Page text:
The Man Selling Shovels in the Machine-Learning Gold Rush

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Jen-Hsun Huang, CEO of the chipmaker Nvidia, is either very prescient or very lucky. His company was built around graphics processing units (GPUs) for video games. But those same chips are now widely used in artificial-intelligence projects such as efforts to build self-driving cars.

Nvidia’s chips turned out to be especially efficient for training the neural networks used in a technique called deep learning that has recently made software much smarter and caused tech giants and investors to pile money into machine-learning research. This week the company announced a new chip designed specifically for the task (see “A $2 Billion Chip to Accelerate Artificial Intelligence”). Huang spoke with Will Knight, MIT Technology Review’s senior editor for AI and robotics, at the company’s annual technology conference in San Jose this week.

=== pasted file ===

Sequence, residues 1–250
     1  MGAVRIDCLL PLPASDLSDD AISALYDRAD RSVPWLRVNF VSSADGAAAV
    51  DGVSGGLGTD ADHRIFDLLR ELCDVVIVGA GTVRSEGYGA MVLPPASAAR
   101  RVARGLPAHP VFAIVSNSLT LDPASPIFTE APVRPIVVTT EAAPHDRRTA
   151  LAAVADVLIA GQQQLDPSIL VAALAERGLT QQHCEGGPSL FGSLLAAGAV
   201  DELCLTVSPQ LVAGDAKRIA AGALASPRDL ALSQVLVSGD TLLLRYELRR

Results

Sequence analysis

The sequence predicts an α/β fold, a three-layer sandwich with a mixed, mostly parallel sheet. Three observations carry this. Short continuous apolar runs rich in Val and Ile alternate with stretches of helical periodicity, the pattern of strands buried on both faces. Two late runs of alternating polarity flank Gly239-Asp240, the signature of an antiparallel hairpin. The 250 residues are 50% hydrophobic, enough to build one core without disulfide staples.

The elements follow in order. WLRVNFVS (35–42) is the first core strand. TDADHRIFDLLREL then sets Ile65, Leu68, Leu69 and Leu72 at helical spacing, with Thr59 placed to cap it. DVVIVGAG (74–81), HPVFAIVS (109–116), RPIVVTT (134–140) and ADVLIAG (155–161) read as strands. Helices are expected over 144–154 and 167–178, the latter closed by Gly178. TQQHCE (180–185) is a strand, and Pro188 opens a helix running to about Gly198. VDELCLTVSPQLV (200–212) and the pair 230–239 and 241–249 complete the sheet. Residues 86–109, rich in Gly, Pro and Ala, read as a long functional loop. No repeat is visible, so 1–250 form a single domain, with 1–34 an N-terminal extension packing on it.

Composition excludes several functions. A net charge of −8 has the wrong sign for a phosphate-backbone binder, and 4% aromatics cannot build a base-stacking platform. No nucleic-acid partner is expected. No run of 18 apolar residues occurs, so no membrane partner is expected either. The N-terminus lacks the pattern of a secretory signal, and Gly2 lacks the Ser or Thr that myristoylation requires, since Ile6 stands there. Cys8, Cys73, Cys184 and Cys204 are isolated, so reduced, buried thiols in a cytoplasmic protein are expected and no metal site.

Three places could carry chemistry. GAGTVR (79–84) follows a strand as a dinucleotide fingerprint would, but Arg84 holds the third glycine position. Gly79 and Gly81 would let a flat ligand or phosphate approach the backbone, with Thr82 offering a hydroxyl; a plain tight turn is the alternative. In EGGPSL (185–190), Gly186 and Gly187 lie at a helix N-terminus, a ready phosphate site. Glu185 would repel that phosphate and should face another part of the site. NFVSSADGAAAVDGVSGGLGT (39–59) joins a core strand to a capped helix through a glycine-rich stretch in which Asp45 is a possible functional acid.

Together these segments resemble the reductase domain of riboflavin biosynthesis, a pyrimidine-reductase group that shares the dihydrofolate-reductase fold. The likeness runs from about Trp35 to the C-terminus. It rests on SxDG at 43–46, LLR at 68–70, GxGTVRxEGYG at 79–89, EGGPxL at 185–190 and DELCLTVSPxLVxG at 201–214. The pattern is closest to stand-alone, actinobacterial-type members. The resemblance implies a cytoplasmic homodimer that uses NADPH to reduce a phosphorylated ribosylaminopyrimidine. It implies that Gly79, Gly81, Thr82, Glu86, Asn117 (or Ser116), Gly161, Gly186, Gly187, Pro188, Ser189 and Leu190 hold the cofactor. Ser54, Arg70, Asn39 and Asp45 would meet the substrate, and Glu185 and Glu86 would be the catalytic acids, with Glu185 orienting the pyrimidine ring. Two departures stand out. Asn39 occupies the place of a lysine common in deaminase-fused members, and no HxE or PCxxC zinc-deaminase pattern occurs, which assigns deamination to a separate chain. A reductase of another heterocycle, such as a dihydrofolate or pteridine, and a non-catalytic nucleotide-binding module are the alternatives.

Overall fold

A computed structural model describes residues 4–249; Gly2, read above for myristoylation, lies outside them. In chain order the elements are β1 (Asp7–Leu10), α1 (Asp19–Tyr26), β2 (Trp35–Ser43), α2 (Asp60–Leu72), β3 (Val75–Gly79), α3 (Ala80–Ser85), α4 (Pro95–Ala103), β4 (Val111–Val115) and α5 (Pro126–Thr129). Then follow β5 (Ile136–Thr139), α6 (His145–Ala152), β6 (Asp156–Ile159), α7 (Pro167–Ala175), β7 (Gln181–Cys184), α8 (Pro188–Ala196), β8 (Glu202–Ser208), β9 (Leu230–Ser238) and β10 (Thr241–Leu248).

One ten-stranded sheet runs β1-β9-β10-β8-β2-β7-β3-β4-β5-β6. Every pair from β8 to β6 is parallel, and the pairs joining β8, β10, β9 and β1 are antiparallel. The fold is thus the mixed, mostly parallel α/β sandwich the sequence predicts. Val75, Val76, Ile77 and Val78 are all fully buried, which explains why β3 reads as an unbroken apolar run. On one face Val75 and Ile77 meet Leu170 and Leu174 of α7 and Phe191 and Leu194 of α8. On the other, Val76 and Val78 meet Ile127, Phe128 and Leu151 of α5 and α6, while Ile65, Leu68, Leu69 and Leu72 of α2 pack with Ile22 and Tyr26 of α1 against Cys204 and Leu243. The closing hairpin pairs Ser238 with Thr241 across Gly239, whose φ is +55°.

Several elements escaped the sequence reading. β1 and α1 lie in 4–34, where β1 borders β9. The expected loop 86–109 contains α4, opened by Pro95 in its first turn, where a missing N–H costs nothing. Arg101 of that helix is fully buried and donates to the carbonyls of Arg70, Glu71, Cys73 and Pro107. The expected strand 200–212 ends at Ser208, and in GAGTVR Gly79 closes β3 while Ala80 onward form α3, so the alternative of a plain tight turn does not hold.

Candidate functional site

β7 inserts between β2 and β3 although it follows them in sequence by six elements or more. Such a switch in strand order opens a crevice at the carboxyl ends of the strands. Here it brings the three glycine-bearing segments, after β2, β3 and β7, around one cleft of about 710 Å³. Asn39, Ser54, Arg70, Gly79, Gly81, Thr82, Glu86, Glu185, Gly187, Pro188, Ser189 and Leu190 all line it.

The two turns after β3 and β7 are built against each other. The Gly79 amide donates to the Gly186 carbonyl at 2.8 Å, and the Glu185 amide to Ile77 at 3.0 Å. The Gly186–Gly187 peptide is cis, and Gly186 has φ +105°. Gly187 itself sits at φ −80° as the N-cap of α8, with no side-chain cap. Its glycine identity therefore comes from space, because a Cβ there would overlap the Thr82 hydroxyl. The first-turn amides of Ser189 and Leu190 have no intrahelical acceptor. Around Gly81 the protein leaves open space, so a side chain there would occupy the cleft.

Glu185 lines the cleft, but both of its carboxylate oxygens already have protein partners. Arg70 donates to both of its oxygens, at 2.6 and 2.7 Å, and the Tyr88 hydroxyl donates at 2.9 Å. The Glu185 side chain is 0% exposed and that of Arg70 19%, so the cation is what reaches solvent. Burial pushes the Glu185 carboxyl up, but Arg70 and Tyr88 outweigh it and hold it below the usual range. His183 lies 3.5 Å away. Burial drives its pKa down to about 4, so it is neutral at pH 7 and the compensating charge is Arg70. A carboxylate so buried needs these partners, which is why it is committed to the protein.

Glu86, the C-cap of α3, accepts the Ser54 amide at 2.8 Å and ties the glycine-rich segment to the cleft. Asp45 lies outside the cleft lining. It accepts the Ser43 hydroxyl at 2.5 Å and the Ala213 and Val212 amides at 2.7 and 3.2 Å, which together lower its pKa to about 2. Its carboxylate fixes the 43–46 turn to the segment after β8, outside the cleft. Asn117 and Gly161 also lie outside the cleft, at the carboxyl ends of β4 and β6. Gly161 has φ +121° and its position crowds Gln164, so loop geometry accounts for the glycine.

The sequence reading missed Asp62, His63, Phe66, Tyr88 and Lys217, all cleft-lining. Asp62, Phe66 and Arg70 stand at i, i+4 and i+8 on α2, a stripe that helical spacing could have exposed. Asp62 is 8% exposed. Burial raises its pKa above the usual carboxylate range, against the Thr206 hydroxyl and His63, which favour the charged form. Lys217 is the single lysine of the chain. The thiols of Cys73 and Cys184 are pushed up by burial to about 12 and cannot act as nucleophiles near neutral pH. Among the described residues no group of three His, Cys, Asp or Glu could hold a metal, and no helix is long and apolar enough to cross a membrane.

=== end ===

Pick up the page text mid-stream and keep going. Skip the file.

What do you expect will be the next big market for your hardware?

I think robotics is going to be huge. The reason we chose [to make a chip for] self-driving cars is that it’s the easiest robotics challenge. Deep learning has given us an algorithm that can finally allow robots to learn for themselves, from high-level goals, and through iteration discover for itself. I don’t think it’s possible to teach a robot that by writing programs.

Read the source article at MIT Technology Review